Preprint Review Version 2 Preserved in Portico This version is not peer-reviewed

COVID-19 Contact Tracing: Challenges and Future Directions

Version 1 : Received: 17 June 2020 / Approved: 19 June 2020 / Online: 19 June 2020 (11:36:18 CEST)
Version 2 : Received: 13 July 2020 / Approved: 14 July 2020 / Online: 14 July 2020 (05:07:34 CEST)

How to cite: Chowdhury, M.J.M.; Ferdous, M.S.; Biswas, K.; Chowdhury, N.; Muthukkumarasamy, V. COVID-19 Contact Tracing: Challenges and Future Directions. Preprints 2020, 2020060240 (doi: 10.20944/preprints202006.0240.v2). Chowdhury, M.J.M.; Ferdous, M.S.; Biswas, K.; Chowdhury, N.; Muthukkumarasamy, V. COVID-19 Contact Tracing: Challenges and Future Directions. Preprints 2020, 2020060240 (doi: 10.20944/preprints202006.0240.v2).

Abstract

Contact tracing has become a vital tool for public health officials to effectively combat the spread of new diseases, such asthe novel coronavirus disease COVID-19. Contact tracing is not new to epidemiologist rather, it used manual or semi-manualapproaches that are incredibly time-consuming, costly and inefficient. It mostly relies on human memory while scalabilityis a significant challenge in tackling pandemics. The unprecedented health and socio-economic impacts led researchersand practitioners around the world to search for technology-based approaches for providing scalable and timely answers.Smartphones and associated digital technologies have the potential to provide a better approach due to their high level ofpenetration, coupled with mobility. While data-driven solutions are extremely powerful, the fear among citizens is thatinformation like location or proximity associated with other personal data and can be weaponised by the states to enforcesurveillance. Low adoption rate of such apps due to the lack of trust questioned the efficacy and demanded researchers tofind innovative solution for building digital-trust, and appropriately balancing privacy and accuracy of data. In this paper,we have critically reviewed such protocols and apps to identify the strength and weakness of each approach. Finally, wehave penned down our recommendations to make the future contact tracing mechanisms more universally inter-operable andprivacy-preserving.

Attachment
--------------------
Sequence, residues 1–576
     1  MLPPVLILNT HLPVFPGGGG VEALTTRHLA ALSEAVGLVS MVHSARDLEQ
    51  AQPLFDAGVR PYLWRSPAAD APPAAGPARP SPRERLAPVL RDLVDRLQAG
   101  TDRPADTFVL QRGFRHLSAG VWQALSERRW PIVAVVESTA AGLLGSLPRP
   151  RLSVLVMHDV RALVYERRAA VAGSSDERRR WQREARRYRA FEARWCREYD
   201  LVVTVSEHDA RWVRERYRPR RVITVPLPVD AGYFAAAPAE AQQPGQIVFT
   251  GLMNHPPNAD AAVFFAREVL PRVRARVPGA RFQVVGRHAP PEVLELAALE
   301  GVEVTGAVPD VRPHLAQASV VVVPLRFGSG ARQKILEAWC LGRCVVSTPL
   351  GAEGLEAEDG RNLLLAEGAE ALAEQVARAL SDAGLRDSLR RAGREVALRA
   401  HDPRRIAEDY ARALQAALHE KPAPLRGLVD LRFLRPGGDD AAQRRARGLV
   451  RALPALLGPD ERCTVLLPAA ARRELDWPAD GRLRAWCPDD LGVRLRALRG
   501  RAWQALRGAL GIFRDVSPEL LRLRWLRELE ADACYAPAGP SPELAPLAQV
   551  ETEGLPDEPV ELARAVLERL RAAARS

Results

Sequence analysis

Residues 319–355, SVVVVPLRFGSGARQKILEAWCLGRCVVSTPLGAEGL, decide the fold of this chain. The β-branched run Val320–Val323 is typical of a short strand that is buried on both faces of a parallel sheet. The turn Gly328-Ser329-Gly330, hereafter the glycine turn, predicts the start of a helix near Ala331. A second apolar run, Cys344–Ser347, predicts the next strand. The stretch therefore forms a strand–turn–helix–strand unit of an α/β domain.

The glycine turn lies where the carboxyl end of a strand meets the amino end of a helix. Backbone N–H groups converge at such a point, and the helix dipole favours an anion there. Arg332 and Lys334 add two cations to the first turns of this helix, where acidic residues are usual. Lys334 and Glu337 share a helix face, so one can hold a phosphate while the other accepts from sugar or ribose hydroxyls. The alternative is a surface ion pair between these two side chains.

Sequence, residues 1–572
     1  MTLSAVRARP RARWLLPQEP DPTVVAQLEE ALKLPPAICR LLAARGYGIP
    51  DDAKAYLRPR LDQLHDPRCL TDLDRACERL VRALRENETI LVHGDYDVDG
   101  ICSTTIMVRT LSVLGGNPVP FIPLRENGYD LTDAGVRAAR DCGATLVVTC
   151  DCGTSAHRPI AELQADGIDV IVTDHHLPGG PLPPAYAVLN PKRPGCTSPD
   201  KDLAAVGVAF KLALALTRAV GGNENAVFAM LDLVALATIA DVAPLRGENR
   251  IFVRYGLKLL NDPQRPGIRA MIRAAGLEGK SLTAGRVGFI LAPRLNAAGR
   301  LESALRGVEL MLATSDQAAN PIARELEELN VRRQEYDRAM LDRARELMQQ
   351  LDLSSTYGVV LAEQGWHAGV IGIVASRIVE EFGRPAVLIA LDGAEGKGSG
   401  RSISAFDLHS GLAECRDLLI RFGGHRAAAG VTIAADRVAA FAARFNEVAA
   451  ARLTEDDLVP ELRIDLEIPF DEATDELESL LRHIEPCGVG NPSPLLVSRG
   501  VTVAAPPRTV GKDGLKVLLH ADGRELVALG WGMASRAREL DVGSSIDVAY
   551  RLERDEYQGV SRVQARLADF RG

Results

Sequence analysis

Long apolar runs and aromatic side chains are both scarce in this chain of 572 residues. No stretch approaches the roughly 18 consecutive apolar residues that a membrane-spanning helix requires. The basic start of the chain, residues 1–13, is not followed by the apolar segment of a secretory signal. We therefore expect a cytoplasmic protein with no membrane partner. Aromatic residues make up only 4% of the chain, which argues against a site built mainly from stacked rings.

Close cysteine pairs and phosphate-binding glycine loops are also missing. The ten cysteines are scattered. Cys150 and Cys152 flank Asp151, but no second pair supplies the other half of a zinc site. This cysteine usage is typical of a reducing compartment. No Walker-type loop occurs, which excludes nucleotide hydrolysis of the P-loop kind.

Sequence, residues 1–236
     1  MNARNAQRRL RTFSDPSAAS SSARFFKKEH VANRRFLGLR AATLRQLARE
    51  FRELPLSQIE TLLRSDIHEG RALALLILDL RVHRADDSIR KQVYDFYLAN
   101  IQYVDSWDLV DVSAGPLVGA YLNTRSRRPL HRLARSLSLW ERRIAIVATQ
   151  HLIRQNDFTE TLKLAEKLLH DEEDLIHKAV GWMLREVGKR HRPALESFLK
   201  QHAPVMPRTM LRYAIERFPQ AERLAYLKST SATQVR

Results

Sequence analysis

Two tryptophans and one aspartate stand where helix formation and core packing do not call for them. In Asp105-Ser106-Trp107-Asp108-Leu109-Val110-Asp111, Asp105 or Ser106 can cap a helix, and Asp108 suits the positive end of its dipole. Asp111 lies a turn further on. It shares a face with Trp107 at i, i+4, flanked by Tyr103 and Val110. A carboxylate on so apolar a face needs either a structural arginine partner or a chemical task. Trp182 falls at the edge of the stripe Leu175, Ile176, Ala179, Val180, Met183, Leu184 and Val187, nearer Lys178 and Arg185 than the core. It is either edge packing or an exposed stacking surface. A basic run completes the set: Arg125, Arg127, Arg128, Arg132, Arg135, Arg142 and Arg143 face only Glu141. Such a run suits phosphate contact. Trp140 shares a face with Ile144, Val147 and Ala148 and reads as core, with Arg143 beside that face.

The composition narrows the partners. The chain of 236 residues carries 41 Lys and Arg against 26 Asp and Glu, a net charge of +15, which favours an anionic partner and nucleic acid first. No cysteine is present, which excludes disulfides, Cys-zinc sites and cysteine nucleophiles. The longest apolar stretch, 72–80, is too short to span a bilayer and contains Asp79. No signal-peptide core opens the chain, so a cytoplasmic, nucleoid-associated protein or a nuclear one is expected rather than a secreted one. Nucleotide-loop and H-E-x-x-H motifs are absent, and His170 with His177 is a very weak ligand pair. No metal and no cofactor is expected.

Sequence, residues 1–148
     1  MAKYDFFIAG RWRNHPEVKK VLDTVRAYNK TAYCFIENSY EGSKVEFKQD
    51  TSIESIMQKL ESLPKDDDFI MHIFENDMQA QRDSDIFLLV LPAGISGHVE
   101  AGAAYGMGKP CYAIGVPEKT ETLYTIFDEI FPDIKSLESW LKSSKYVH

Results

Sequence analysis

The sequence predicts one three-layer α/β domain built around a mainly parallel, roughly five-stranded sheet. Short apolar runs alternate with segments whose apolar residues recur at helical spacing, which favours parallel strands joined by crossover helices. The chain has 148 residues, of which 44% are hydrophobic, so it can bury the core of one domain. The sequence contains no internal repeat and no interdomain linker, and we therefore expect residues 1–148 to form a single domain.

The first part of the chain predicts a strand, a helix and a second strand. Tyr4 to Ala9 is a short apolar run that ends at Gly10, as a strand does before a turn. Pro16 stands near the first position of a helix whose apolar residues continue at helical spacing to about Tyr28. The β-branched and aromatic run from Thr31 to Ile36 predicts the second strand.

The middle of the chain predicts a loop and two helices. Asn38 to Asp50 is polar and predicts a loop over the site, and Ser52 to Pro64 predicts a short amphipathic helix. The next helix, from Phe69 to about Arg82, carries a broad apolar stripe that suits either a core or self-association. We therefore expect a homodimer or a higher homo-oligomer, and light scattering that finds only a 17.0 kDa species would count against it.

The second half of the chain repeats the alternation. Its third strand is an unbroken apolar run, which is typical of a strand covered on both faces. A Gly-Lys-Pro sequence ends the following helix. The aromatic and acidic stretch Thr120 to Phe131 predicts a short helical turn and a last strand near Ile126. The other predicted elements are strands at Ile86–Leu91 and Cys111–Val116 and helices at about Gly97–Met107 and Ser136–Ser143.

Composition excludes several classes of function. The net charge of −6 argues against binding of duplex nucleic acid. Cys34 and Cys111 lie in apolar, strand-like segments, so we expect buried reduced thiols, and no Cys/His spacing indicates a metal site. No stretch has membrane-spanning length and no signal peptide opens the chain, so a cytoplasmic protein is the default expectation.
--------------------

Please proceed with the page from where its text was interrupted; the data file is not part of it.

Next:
Subject Areas

COVID-19; contact tracing; privacy; proximity technologies

Comments (1)

Comment 1
Received: 14 July 2020
Commenter: Jabed Chowdhury
Commenter's Conflict of Interests: Author
Comment: Rewrite the paper in some sections such as introduction, protocol section and conclusion. Fixed typos. Added few references.
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